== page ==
By DAVID L. PODOS
ILION – Nestled behind the Remington Arms building on Remington Avenue, in what was once a horse stable, sits the Ilion Little Theater. It is one of the oldest continuous running community theaters in America, and offers audiences a wide range of entertainment from comedy to musicals to drama and original shows.
The Ilion Little Theater Club was founded by Ilion resident Lucille Worden in 1924. It began as Worden and her friends who were interested in acting performing plays in the attic of her home. In 1928 the stables behind Remington Arms became available, and Worden and her friends moved the theater there.
Like many businesses, the theater was hit hard when COVID-19 appeared on the scene back in March of 2020. While the theater is still temporarily closed, new guidelines regarding COVID-19 and the easing of social restrictions are starting to slowly breath new life back into many businesses giving the theater group hope that things are returning to normal, said Char Lyon, long time actor and current vice president of the theater’s board of directors.
The pandemic and subsequent lockdown, restrictions and social distancing have hurt the organization both financially and emotionally, Lyon said.
“The theater and the arts are so important whether you’re an observer or a participant,” she said. “Research shows that in either capacity it improves your emotional well-being. Yes, it has been a loss financially but not being able to put on shows tugs at your heart.”
Lyon caught the “bug” for acting by accident, thanks to her daughter.
“It’s actually a funny story,” Lyon said. “My daughter Tori saw an ad in the Observer Dispatch for auditions for a play called ‘Caught in the Net.’ I had to take my daughter down to the theater for the audition, as she was too young to drive at the time. When we got there the director asked if I would read and I said I was not there to audition, but my daughter was. He said that was OK, that he just wanted me to read for a part because they didn’t have enough people at that time to do all the readings. So I said sure. Two days later the director called me and offered Tori a part in the play and said, ‘by the way, I want you to play the role of her mother.’ That was in 2005. I caught the acting bug then and haven’t left since.”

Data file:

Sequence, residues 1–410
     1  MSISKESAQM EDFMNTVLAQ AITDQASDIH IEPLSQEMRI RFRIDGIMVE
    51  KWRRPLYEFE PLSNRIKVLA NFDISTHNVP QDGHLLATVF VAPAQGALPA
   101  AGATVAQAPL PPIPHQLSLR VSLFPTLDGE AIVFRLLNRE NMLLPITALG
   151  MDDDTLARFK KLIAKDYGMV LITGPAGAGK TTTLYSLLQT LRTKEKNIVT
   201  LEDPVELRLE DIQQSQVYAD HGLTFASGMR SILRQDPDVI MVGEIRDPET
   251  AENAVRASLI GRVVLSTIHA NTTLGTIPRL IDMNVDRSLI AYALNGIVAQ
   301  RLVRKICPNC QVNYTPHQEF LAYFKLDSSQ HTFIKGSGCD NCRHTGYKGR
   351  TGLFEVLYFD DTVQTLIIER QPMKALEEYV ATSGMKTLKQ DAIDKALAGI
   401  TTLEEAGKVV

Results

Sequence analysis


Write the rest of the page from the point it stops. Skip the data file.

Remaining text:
In normal situations the theater group puts on four plays throughout the year, with the season opener being after Labor day. But there is still some uncertainty surrounding opening season this year as the theater waits to hear from authorities regarding live audiences.
“When we had to close we were in rehearsal for ‘Jeeves at Sea,’ of which I happen to be the Director,” Lyon lamented. “We were literally two weeks away from opening night when we had to shut down. I still believe we have a full cast waiting to go. The set is completed except for some minor painting. We are just waiting to hear how many people will be allowed into the theater.”
The certified capacity for The Stables is 94 people.
For those curious about auditioning for a play, Lyon said the process is easy, but stressed that there is a serious commitment involved.
“We post all auditions on our website, send e-mail notices to all our members, as well as past performers, and post the auditions on Instagram and Facebook,” she said. “Press releases are sent to the local media for additional coverage. Auditions are held for two nights at the theater, usually in the evening. If the Director calls back and offers the role, he or she will tell you when the rehearsals will begin. The time line from the beginning of rehearsal to opening night is typically six to eight weeks. Then there’s two weeks of performances so you’re talking eight to 10 weeks in total.”
Anyone interested in auditioning for up-coming shows, attending a show, helping out the theater in other ways can contact the group through their website: www.Ilionlittletheatre.org